Retailers Want Online Auction Info to Fight Crime
Retail theft rings have done a great deal of damage to retail stores and while many steps have been taken by merchants and law enforcement agencies to combat this crime, many believe Congressional action is required to curtail online fencing of stolen goods through legitimate auction sites, such as eBay and others, according to The Washington Times.
“The internet has created a worldwide market for stolen goods in which the sellers are anonymous and there is an enormous universe of buyers who are generally unaware of the nature of the goods sold,” said Brad Brekke, vice president of assets protection at Target.
Tim Hammonds, president and CEO of the Food Marketing Institute (FMI), estimates that retailers lose up to $30 billion a year to organized theft rings. He said consumers who ultimately buy stolen items may face health risks.
“They (retail theft rings) endanger public health by adulterating products such as infant formula and cold medicines and selling them to unsuspecting consumers often through illegitimate retail outlets,” Mr. Hammonds said.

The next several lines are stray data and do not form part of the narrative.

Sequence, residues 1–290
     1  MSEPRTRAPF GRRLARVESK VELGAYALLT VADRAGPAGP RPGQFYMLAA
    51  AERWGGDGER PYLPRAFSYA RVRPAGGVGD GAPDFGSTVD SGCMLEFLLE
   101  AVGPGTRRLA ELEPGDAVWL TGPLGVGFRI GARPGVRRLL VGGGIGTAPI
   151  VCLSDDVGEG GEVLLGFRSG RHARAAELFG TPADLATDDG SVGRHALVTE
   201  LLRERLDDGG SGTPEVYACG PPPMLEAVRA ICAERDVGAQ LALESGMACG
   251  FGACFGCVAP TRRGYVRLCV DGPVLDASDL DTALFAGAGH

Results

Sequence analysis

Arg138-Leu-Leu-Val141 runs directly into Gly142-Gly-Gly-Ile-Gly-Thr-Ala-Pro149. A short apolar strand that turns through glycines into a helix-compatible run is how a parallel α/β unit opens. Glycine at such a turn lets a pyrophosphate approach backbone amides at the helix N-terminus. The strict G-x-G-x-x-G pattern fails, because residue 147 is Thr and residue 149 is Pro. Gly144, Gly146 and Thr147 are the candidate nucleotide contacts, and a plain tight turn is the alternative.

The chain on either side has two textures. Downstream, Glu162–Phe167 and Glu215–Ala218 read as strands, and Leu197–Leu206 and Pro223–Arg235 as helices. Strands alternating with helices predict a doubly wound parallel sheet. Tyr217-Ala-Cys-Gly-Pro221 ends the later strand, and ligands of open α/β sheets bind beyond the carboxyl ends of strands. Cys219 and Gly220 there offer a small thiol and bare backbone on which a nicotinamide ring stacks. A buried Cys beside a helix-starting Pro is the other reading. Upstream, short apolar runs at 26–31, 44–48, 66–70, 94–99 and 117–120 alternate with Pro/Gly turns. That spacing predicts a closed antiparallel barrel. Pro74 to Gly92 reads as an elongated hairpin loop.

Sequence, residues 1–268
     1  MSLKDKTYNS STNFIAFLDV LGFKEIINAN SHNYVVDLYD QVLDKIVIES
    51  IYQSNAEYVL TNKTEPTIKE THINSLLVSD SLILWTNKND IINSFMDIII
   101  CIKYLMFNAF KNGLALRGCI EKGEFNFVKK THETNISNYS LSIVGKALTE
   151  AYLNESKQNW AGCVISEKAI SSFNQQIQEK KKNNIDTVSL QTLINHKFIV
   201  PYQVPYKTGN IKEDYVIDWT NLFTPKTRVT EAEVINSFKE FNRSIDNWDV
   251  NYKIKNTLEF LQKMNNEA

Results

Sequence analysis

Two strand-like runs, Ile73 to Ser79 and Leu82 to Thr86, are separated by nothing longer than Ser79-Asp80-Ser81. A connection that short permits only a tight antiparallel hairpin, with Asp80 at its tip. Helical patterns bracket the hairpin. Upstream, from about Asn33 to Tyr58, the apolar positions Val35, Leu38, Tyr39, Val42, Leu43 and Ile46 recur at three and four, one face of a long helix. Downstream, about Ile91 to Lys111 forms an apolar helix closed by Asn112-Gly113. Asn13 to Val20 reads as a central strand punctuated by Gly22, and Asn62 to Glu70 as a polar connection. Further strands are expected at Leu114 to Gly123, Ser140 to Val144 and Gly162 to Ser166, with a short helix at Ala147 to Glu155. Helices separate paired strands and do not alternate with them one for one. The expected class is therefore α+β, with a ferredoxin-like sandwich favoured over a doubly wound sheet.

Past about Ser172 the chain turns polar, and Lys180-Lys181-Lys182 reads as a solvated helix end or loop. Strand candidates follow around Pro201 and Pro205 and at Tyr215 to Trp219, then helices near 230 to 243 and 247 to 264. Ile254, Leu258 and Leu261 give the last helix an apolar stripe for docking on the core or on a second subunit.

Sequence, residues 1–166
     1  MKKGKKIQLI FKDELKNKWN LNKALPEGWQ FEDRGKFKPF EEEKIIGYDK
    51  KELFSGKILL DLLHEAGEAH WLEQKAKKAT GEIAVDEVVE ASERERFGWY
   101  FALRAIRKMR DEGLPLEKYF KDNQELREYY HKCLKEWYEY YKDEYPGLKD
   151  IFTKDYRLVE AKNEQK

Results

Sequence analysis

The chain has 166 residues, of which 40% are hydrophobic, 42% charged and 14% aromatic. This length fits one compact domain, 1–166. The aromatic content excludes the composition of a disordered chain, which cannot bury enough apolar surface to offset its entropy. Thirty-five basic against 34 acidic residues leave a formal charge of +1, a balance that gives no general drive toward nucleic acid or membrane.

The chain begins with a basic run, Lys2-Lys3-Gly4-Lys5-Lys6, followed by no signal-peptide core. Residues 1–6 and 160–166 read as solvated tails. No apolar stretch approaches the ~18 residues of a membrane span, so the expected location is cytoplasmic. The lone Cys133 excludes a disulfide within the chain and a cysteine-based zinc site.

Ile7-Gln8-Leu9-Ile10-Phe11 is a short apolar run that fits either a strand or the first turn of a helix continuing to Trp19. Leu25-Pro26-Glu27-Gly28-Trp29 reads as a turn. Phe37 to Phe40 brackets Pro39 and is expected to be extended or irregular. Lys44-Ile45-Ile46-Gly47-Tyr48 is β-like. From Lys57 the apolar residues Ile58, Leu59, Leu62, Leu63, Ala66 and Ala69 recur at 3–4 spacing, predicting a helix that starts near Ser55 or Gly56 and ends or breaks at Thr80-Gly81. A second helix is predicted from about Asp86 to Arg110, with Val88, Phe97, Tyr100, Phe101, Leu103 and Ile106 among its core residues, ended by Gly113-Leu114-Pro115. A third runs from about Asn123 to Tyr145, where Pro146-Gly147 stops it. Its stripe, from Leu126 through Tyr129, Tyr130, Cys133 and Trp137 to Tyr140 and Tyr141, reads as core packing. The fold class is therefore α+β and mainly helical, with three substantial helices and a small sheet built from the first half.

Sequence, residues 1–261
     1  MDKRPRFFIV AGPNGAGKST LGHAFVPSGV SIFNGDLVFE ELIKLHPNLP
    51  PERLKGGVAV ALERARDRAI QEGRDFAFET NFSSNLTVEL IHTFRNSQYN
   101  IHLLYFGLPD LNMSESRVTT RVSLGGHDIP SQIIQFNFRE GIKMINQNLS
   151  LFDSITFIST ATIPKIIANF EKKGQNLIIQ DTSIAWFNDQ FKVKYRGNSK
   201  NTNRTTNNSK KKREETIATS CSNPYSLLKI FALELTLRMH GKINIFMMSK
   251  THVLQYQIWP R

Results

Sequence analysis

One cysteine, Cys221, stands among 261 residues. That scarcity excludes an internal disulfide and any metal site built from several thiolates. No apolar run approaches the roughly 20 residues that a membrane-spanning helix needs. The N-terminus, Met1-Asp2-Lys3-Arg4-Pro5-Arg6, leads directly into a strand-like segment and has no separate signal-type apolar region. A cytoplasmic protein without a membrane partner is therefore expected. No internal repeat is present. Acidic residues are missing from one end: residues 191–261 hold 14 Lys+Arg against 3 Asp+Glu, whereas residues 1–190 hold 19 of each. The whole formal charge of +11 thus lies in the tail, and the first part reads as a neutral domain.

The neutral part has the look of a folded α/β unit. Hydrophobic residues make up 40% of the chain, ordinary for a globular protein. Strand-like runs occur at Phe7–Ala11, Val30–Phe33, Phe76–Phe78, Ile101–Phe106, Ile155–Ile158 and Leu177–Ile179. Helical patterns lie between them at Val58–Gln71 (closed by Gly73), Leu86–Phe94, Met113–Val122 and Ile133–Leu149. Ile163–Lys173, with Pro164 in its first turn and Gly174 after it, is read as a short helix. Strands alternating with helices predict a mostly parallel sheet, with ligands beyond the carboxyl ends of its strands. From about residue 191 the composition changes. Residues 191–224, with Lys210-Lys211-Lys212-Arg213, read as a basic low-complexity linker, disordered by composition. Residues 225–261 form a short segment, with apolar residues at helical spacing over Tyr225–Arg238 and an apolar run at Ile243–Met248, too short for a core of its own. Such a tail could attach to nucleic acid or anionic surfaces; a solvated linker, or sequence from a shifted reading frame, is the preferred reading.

Last week, retailers appearing before the House Judiciary Committee’s subcommittee on crime, terrorism and homeland security painted a picture of increasing criminal activity.
According to FMI’s numbers, 60 percent of retailers report that organized retail theft has become more of a problem this year.
Retailers are looking for Congress to require online auction sites to share information on high-volume sellers to determine if they are engaged in illegal activity. The retailers are also looking for Congress to make organized retail theft a federal felony. Many contend that when thieves that are part of a ring are caught, they receive little more than a slap on the wrist based on local shoplifting laws.
The largest online auctioneer, eBay, defended its practices and sees little reason for Congressional action.
“When any retailer has concrete evidence to the effect that stolen property is on our site, we will work with them and law enforcement to address the problem, including sharing information about a targeted seller with the appropriate enforcement agency,” Robert Chesnut, senior vice president of rules, trust and safety at eBay, told The Washington Times.
Discussion Questions: Is Congressional action needed that would compel online auction sites to reveal information about high-volume sellers? Is there a need to create a felony offense for those involved in organized retail theft? Are there other solutions that you believe would work as well or better than those discussed before the House Judiciary Committee last week?